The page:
Lettieri tells me that he regularly heads to Italy to research Bella Italia’s menu, and a number of the new dishes are inspired by Italian family favourites he has tried on his travels. So what do Italians make of all this dietary stuff then? Are they seeing similar surges in veganism and gluten-free diets?
“Vegan is coming up in Italy, yes. Gluten-free? Not so much,” he laughs.
“I was at PizzaExpress five or six years ago when we first introduced a gluten-free range,” adds Spragg. “One of the reasons I was so supportive is that I have a niece who is gluten intolerant. How many more were there? Millions. But actually, that means millions of families – you have to cater for everyone in that family.”
The new menu hasn’t been in the 107 Bella Italia sites for too long, but, as mentioned, the business is already starting to witness the uptake, with sales increasing on average by 5%. But this is more than a new menu launch – it’s clear there’s a big Bella push going on within CDG. It’s the main PR content we’re receiving and it’s what led to this interview taking place. While Bella Italia has its loyal customers, this push is also about reaching new ones.
Hand on heart, after sitting down with James and Vittorio to talk through the whole operation, I’m now a convert… and I’m a massive pasta snob. However, not every potential customer will be able to sit down with the COO and executive chef, watch a beautifully constructed promotional video and then sample five or six dishes over a long lunch, so what’s the plan for everyone else? How are they going to educate those consumers who don’t have Bella Italia on their radar?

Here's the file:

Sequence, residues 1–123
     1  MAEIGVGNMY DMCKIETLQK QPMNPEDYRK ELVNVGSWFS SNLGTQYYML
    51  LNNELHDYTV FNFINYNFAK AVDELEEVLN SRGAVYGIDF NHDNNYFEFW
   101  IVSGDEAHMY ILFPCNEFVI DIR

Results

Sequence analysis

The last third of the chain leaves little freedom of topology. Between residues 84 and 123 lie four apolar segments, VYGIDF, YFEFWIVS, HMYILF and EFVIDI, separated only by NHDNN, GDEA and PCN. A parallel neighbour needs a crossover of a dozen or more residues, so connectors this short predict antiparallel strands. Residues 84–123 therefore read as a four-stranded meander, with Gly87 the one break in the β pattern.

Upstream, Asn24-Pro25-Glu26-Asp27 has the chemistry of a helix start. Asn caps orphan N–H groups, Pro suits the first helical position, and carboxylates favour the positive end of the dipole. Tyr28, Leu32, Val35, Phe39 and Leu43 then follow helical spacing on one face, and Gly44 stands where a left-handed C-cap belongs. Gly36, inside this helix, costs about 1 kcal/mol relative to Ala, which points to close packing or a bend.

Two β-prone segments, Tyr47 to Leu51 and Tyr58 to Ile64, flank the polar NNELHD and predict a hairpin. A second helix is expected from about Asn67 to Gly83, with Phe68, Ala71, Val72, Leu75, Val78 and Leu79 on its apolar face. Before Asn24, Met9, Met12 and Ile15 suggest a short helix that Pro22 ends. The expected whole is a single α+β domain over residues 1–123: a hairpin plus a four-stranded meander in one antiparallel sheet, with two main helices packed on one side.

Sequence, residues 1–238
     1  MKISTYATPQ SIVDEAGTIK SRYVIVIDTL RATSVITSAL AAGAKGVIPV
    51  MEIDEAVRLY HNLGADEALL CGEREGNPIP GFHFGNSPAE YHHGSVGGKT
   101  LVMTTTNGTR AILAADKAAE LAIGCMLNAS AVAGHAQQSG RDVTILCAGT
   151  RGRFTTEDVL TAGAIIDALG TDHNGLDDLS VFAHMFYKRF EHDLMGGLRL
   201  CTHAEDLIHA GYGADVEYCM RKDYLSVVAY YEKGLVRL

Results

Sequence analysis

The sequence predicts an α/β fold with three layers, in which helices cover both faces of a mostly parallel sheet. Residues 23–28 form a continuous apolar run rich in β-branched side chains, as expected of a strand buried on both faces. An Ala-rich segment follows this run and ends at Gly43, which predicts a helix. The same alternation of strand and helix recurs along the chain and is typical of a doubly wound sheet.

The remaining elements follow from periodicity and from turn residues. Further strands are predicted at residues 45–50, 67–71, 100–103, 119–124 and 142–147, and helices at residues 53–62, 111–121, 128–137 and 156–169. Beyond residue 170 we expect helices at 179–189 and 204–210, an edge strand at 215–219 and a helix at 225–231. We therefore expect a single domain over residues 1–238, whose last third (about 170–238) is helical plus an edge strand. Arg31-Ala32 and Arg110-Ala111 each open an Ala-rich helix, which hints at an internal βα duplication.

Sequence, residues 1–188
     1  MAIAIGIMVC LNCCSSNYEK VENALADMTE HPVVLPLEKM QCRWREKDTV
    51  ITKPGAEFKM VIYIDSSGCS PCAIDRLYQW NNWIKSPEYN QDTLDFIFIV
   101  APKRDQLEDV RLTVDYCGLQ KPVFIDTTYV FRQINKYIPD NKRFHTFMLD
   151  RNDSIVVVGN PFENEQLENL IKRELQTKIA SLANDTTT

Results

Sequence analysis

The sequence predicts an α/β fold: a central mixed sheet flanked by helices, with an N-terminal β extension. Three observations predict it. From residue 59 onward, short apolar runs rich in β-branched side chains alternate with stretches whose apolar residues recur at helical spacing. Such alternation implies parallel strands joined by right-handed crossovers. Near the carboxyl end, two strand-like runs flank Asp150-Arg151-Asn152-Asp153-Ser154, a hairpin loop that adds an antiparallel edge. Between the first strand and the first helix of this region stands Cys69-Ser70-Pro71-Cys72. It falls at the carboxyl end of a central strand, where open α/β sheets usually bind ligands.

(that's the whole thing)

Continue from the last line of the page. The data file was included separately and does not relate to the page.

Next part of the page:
“We’re now doing interesting things to get new consumers, and part of that is about having the confidence to share what we do,” says Spragg. “We’re now able to leverage our digital platforms and get our message out there a lot better. Everyone is on their phone these days, so we’re spending more on digital media. Some brands get hammered online – they probably shouldn’t be doing marketing until they’re ready. We were low-key on marketing because this brand expanded rapidly – we built 25 sites in a year. That expansion had an impact on the operations. Now, we’ve caught up on operational gaps and fixed everything.
“The brand building that we do is about running the restaurants properly – it can take one month to ruin a reputation, but it can take nine months to get it back, so I’m obsessed with the people. Who has been hired? Who has left? If you jump straight into marketing, throw in promotions and all sorts before you’ve got your offer right, it’s like pouring water into a leaky bucket.